A Depth Psychological Approach to Suffering
Ethical Society of Philadelphia
1906 Rittenhouse Sq
When suffering strikes, it is helpful to find a framework through which we may understand it, rather than seeing suffering as a random event in one's life. The approach of the Diagnostic and Statistical Manual (DSM) is of limited help, because there are many forms of suffering which are normal given the circumstances of the person's life. As well, even in the presence of emotional disorder, people with the same diagnosis suffer in unique ways and require a personalized approach.
Traditional religions all offer explanations for suffering and the reasons for it, and we will consider some of these, but depth psychology has its own unique approaches. This seminar will describe some of the ways in which we may search for meaning in suffering, and will discuss suffering as an experience of liminality and initiation into a new level of consciousness. We will also discuss an approach to suffering based on radical acceptance.
Lionel Corbett, MD,
trained in medicine and psychiatry in
England and as a Jungian Analyst at the C.G. Jung Institute of Chicago. His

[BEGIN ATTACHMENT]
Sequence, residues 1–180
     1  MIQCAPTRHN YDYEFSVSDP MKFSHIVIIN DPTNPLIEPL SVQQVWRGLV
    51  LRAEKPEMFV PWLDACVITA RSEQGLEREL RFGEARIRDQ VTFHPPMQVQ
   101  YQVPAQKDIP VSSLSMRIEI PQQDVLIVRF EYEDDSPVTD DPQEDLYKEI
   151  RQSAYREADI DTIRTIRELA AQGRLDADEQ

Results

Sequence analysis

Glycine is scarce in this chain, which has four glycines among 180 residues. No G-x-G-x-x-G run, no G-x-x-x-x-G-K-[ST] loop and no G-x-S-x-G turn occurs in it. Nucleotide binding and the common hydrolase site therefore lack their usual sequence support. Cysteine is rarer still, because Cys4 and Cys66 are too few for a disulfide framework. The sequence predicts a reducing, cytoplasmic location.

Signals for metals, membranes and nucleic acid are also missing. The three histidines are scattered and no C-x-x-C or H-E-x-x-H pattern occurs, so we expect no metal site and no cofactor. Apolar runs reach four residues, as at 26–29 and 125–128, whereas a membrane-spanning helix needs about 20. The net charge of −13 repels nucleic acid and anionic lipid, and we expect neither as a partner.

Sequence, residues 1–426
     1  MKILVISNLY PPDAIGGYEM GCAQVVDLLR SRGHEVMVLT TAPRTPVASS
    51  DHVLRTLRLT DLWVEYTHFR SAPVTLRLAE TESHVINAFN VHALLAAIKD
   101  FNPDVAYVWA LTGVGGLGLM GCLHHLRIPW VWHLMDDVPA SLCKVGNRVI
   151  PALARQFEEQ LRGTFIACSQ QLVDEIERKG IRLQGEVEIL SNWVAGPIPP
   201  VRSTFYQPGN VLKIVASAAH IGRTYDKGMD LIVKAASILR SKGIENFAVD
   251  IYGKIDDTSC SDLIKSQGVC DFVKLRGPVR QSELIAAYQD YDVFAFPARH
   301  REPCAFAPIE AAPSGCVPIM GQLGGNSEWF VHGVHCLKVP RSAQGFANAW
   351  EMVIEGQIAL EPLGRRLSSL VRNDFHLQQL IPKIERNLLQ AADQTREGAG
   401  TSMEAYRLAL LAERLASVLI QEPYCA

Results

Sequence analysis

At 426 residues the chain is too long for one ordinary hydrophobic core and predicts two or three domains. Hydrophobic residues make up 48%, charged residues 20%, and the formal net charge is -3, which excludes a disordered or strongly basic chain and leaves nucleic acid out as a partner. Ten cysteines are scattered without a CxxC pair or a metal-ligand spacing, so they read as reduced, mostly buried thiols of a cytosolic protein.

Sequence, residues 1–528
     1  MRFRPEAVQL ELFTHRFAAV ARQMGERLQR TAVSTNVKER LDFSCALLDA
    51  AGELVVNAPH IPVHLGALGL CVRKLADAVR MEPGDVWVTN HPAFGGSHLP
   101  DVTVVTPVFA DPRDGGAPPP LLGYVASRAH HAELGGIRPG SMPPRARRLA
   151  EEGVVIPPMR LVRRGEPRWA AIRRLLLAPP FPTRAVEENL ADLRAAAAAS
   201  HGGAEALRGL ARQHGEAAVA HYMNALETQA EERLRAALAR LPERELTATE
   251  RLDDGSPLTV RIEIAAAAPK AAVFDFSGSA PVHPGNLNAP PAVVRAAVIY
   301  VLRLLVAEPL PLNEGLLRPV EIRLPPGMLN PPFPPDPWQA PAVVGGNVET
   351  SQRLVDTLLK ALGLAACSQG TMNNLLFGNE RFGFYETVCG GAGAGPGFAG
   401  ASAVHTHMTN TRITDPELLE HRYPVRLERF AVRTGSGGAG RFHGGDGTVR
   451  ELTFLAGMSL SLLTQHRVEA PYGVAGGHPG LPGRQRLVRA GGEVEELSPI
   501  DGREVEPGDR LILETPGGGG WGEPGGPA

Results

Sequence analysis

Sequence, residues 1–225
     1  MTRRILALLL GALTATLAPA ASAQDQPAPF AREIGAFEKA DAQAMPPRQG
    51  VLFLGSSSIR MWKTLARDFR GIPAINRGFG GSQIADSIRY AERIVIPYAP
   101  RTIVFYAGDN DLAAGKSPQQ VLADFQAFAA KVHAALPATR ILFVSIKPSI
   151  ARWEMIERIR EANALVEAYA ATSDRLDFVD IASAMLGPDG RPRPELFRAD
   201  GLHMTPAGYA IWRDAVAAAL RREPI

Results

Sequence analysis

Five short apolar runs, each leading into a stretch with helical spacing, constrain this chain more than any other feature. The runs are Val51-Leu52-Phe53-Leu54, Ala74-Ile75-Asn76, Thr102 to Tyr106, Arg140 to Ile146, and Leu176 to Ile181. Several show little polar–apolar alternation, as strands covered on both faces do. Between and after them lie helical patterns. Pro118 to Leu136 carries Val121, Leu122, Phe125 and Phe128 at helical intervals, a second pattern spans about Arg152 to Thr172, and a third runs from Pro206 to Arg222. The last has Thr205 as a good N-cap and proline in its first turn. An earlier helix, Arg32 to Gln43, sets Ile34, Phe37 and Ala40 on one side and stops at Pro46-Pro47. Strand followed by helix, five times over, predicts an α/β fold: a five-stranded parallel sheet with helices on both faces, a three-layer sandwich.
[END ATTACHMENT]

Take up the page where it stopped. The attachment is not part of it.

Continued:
primary interests are: the religious function of the psyche, especially the way
in which personal religious experience is relevant to individual psychology;
the development of psychotherapy as a spiritual practice; and the interface of
Jungian psychology and contemporary psychoanalytic thought. Dr. Corbett is a
professor of depth psychology at Paciﬁca Graduate Institute, in Santa Barbara,
California, where he teaches depth psychology. He is the author of numerous
professional papers and four books:
Psyche and the sacred: The religious
function of the psyche:
The sacred cauldron: Psychotherapy as a
and most recently The soul in anguish:
Psychotherapeutic approaches to suffering.
He is the co-editor of: Jung and aging; Depth psychology, meditations in the
field; Psychology at the threshold,
and Psyche's stories.
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